[jdom-interest] Performance tests

Dennis Sosnoski dms at sosnoski.com
Mon May 7 01:22:04 PDT 2001

Just a note that I've got a performance test program running. I'll add the
information and full distribution to my site Monday night, but in the meantime
here's a summary of the results for working with a sampling of medium-sized
(100-200K) XML files:


Document building speed -

Best results are from Xerces DOM with deferred node expansion (Xerces deferred).
This is more than made up for if you actually use most of the document (as
opposed to reading it in and looking at only a small portion), though.

Next best Crimson DOM, dom4j, and Xerces DOM with deferred node expansion turned
off (Xerces base) are all close on speed, JDOM and Electric XML the slowest of
the representations tested. The difference is roughly 50% added time from
Crimson DOM to JDOM.

Document memory requirement -

Best results again for Xerces deferred, but going through the document expands
the nodes to largest size of all.

Next best is Crimson DOM, then Xerces base, followed by Electric XML,  JDOM and
dom4j. The difference is about 25-40% added space in going from Crimson DOM to

Walking the document nodes -

Best by far is Xerces base, followed by  Electric XML and Crimson DOM, then
dom4j. JDOM is nearly as bad as Xerces deferred at this (with Xerces expanding
all the nodes as it goes). Xerces base is 10-20 times the performance of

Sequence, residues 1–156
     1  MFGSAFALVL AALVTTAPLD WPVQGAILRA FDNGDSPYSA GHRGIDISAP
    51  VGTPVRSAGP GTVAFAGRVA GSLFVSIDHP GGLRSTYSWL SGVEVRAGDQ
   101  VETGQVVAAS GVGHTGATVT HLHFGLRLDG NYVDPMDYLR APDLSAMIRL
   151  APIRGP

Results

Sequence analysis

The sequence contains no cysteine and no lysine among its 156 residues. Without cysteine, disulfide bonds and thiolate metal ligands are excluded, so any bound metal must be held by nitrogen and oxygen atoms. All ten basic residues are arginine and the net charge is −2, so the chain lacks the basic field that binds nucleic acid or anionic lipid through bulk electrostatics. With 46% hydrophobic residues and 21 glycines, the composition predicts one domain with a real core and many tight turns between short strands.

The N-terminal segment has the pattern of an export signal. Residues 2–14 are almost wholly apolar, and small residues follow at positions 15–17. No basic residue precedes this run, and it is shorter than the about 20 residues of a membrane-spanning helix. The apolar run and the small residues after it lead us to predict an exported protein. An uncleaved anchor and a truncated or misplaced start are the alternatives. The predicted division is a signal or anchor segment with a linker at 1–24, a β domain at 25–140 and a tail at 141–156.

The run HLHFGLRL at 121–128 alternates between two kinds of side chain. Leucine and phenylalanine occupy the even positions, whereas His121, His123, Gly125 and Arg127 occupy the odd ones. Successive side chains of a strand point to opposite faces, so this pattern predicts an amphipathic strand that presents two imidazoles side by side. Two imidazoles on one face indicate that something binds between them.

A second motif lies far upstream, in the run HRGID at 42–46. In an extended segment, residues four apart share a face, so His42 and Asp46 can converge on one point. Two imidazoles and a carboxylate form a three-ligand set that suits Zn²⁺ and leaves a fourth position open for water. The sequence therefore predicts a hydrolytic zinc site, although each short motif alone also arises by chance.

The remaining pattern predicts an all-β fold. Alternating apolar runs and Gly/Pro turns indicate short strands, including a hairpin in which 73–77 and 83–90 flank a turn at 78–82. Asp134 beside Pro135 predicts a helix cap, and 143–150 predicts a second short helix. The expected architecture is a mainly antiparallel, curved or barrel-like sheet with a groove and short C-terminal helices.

JDOM/Xerces deferred in this test.

Output to text -

Crimson DOM, Xerces base and deferred, Electric XML all fairly close on this,
JDOM took about 50% more time, but dom4j about 100-150% more time than Crimson.

Serialization -

Those that implemented this (Xerces, JDOM, and Electric XML - dom4j appeared
broken and Crimson didn't support it) all did pretty badly. With the existing
implementations you're much better off just outputting text and parsing it back
in, this will be about twice as fast and the data will be half the size.


I used three different XML files representing different types of XML (heavy
attributes vs no attributes, shallow tree vs deeper tree). The results varied
depending on the type of XML, and I'll try to qualify this when I put something
up on the site. The code will also be available for review and experimentation.

It's really rough trying to get consistent results for timing with a Hot Spot
JVM, and some of the timing runs are dramatically better than others, but the
above figures should be loosely representative for the most recent released
versions of the products (Beta 6, in JDOM's case).

  - Dennis

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